June 5, 2017

Protecting Pets from Lyme Disease

By Dr. Jack Walkenhorst
This year has already been an especially bad year for ticks because of the mild winter we’ve had, among other contributing factors. These ticks carry a variety of dangerous diseases, including Lyme disease. Pets In Need veterinarian and board member, Dr. Jack Walkenhorst, shares how you can protect your pets and family.

How is Lyme disease spread?

Ticks transmit Lyme disease. When a tick jumps onto your pet and takes a blood meal, they can inject the bacteria that cause the disease into the pet’s blood stream.

The tick needs to be on the pet for at least 48 hours to spread the disease. However, depending on the life stage of the tick, some can be as small as a poppy seed and almost impossible to spot on an animal with fur.

The chances of finding a small tick on your pet are very remote. Once the disease is injected into your pet’s blood stream, it circulates and multiples until eventually reaching the pet’s joints.


What are the symptoms of Lyme disease and how is it diagnosed and treated?

The most common symptoms of Lyme disease include joint pain and swelling, lameness, reluctance to move, high fever and swollen lymph nodes. If your pet exhibits any of these symptoms it’s important to get them to the vet for a test and potential treatment if necessary. A Lyme disease test is a simple blood test that can likely be run directly in your vet’s office.

Although the bacteria that causes Lyme disease is capable of infecting cats, the reported incidence of Lyme disease in cats is very low when compared to dogs. Fortunately, Lyme disease isn’t a chronic disease for dogs, like it is for humans. Lyme disease in pets can be treated with antibiotics prescribed by your veterinarian. Although the vast majority of dogs respond very quickly and completely to antibiotic therapy, in rare cases organs such as the kidneys could sustain damage.


What should I do to protect my pets?

Although ticks and Lyme disease are particularly prevalent in specific parts of the country, Lyme disease has been diagnosed in all fifty states, including Ohio and Kentucky. Therefore, it’s best for all pets to be on some type of flea and tick preventative. These preventatives not only protect the pet from Lyme disease, but also a whole list of additional diseases that can be transmitted by a flea or tick bite.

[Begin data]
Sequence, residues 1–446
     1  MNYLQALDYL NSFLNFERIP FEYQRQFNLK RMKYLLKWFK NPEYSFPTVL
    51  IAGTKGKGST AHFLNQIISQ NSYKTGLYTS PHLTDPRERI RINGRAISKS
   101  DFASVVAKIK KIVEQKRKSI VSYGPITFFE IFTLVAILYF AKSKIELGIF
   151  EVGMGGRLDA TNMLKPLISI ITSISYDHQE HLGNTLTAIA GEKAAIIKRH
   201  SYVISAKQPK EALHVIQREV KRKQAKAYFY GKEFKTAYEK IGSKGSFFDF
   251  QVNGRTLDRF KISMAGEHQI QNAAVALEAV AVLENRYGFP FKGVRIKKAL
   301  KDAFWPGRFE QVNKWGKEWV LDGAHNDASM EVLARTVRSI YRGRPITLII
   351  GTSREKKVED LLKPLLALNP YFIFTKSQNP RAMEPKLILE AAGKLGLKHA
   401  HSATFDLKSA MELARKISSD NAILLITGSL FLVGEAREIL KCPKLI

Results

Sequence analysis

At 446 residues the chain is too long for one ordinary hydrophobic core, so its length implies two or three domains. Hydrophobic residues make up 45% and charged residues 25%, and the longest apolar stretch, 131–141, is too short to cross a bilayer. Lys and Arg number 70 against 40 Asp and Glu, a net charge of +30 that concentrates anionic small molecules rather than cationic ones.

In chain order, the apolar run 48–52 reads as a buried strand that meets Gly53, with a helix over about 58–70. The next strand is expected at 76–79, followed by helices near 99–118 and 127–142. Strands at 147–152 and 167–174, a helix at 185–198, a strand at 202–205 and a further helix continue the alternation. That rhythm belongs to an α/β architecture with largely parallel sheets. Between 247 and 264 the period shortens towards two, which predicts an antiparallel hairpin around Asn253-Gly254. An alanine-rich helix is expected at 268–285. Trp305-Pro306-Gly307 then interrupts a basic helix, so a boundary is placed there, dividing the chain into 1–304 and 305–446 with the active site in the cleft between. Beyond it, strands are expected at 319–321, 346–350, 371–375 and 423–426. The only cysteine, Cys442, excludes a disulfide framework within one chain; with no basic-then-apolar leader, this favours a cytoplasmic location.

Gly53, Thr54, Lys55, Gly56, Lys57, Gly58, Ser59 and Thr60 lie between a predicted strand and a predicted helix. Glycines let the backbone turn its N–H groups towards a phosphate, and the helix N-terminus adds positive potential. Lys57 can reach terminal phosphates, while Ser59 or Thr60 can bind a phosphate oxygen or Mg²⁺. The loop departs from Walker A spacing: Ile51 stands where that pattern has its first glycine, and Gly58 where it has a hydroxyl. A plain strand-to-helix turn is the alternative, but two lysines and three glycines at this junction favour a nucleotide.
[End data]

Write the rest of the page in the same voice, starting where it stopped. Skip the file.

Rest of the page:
There are multiple ways to protect your pet from Lyme disease including a vaccine and tick preventatives. Often vaccines are only necessary if your pet spends a lot of time camping, hunting, or running around in woods, where ticks are most prevalent. If your pet’s environment and lifestyle provide a high exposure to ticks, you should discuss the Lyme disease vaccination option with your veterinarian to see if it’s a good fit for your pet.

There are a wide variety of flea and tick preventatives, including oral and spot on prevention. They will all kill fleas and ticks within 48 hours, but they each work differently. For example, some do not work to prevent attachment or bites, while others do


What should I do if I find a tick on my pet?

If you find a tick on your pet, it’s important to remove the tick as quickly as possible. Using a pair of tweezers, get as close to the pet’s skin as possible. Then apply steady pressure and slowly pull the tick off of the pet. If your pet is not on preventatives that would have killed the tick within 48 hours and prevented the spread of diseases, take them to the vet for testing and treatment. If the test comes back positive but the pet is acting completely normal, some vets will recommend forgoing treatment. However, although a pet is asymptomatic at the time of the test, they could develop symptoms later. It’s ultimately up to the pet owner, but treating the pet at the time of the test will prevent worrying and the possibility for symptoms occurring later.